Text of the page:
Investors who are still unsettled about the state of the semiconductor industry have every cause to kick themselves for having missed out on Micron‘s (NASDAQ: $MU) impressive 240% gains in 2013.
While fears about high-end device saturation and weakening average selling prices ($ASP) were valid reason to avoid companies like Broadcom (NASDAQ: BRCM_), the situation, however, has been entirely different for Micron, which operates within the memory chip space. And as with Applied Materials (NASDAQ: $AMAT) and SanDisk (NASDAQ: $SNDK), this entire subset continues to enjoy above-average economic returns.
[Become a Better Investor in 14 days: Click for Your Free Trial]
As I’ve said recently, while I’ve been a firm believer in Micron’s turnaround potential, particularly due to its strategic shift to higher growth markets like network enterprise, I do wonder how long this resurgence can continue. Not just with Micron, but for the entire industry.
Upon Wednesday’s release of first-quarter earnings, management did its best convening job yet (even with the stock being up close to 250% from its 52-week low). Analysts were looking for 44 cents in earnings per share on revenue of $3.7 billion, which would represent year-over-year revenue growth of 103%. That’s not a typo. Essentially the Street was looking for confirmation that Micron deserved its 2013 gains.
With first quarter EPS and revenue surging 165% and 120%, respectively, Micron management answered the call with authority. Equally, and perhaps more impressive than the 69% year-over-year jump in DRAM revenue, was the 7% sequential improvement in gross margin, which registered at 32%. This tells me that management has, in fact, begun to extract value from the Elipida acquisition.
This once unpredictable industry, now consolidated to four major suppliers, is starting to reveal that long-term profitability is indeed realistic. And with Micron growing earnings and cash flow at astronomical levels, if there were any doubts that the company can maintain its momentum against a surging Samsung ($SSNLF), this, too, was put to rest with management raising guidance.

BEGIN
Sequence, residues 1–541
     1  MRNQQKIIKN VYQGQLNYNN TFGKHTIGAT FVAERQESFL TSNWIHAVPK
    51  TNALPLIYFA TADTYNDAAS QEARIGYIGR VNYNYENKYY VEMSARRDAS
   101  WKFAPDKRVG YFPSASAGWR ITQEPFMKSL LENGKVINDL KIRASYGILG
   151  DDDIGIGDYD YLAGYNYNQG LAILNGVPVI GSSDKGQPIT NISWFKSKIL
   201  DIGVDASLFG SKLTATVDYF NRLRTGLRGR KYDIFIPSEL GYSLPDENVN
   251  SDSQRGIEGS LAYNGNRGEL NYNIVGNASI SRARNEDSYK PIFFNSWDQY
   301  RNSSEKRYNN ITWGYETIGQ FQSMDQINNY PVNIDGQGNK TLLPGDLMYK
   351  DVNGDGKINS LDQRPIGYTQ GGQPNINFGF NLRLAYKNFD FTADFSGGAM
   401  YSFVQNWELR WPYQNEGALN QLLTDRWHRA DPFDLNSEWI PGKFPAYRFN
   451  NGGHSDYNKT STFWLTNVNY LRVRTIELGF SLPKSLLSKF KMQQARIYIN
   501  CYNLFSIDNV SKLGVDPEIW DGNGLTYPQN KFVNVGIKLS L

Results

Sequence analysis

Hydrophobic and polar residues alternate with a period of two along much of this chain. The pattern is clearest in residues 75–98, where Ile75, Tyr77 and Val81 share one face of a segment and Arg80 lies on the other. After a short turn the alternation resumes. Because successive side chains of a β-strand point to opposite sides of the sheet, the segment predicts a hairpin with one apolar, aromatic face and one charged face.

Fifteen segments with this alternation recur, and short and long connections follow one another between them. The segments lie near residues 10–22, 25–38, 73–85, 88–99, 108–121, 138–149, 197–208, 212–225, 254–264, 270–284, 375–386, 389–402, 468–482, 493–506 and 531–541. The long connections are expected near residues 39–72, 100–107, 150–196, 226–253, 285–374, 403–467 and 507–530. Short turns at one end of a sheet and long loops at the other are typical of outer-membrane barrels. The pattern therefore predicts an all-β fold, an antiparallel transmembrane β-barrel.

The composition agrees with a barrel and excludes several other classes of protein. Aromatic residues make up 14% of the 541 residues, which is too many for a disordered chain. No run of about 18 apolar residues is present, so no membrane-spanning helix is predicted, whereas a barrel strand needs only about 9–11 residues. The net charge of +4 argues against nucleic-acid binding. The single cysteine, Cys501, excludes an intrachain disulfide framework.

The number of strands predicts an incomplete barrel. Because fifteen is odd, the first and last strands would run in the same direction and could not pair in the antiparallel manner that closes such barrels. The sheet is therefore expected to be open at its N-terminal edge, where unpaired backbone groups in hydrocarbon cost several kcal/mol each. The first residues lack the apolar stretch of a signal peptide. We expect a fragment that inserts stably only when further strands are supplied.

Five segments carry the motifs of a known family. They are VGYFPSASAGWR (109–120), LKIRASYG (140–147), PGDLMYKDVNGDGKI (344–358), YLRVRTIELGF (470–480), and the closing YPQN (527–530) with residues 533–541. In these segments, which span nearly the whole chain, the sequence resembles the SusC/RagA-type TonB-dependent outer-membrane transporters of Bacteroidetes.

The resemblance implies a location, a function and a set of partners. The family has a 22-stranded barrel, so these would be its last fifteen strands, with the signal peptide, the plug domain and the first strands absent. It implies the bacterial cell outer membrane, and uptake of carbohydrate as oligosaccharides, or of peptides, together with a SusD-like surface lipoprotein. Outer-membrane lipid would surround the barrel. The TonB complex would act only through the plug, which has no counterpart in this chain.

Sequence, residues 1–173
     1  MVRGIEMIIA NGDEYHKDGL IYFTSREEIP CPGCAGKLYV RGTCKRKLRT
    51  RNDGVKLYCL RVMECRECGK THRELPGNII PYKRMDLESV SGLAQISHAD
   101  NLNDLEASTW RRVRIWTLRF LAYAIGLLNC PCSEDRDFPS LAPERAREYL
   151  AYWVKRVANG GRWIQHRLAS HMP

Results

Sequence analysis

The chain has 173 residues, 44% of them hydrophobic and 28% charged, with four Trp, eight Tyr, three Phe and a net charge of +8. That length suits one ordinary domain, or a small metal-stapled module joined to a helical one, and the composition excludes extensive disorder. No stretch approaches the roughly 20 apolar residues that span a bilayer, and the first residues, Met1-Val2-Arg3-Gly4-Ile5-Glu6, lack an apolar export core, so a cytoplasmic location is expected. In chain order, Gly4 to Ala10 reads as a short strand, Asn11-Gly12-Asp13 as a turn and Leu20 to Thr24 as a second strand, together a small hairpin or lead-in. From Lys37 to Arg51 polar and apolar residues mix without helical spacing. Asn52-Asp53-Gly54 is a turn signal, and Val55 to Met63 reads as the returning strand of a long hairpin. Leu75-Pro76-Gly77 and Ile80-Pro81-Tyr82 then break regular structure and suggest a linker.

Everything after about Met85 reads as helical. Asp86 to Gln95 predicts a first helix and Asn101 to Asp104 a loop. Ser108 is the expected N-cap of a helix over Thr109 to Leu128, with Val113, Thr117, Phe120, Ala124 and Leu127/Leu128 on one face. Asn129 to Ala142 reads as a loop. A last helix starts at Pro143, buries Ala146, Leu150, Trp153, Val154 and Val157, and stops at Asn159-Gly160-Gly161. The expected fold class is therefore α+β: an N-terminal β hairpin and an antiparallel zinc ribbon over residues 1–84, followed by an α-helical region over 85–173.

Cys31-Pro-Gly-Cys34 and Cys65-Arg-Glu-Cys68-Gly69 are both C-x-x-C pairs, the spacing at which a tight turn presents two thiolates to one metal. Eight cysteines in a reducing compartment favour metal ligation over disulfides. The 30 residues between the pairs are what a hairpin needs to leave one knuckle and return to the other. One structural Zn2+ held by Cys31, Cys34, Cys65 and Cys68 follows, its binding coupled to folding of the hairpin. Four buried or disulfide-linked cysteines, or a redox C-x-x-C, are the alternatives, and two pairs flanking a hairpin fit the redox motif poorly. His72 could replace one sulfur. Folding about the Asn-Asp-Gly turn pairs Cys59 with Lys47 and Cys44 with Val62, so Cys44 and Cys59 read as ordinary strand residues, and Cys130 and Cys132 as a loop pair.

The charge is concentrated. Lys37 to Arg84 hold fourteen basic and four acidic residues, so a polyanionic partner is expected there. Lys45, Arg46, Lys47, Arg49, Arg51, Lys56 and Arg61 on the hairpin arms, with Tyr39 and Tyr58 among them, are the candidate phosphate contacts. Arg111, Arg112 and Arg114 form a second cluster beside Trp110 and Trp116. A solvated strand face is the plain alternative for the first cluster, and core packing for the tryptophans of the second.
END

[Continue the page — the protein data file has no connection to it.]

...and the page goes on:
Micron CEO Mark Durcan offered the following regarding the company’s drastically improved inventory situation:
“Our belief is that this tight and further declining inventory situation coupled with balanced long-term production and demand to continue to drive healthy market conditions.”
These are pretty encouraging words, especially from a company that just demolished all expectations. Micron understands the leverage and competitive advantages it attained as a result of the Elipda and Rexchip deals, which boosted manufacturing capacity by roughly 45%.
Still, investors have to be careful about getting ahead of themselves. The “easy money” on this stock has already been made. While Micron continues to be an incredible turnaround story, the Street has a tendency to be fickle and demand more from the company in terms of organic growth, even if we are a full fiscal calendar away from such demands.
[Read: Can BlackBerry Be Trusted?]
Even so, the mystery and “underdog” role that Micron thrived upon are no longer in play. This stock is not going to sneak up on anyone anymore.
I believe making a play here on this stock now requires one to be able to accurately model the cash flow Micron will be able to produce in the next 12 to 18 months. And you have to assume that either SanDisk or Samsung won’t execute in a manner that disrupts Micron’s momentum.
Having said all that, I’m going to hold firm to my $28 price target for the second half of the year, if not sooner. That’s 15% above Micron’s recent closing price.
I can’t say that I’m as excited about this stock today as I was when it traded in the teens. I still believe in Micron and its management. I just don’t trust the Street to not screw this up.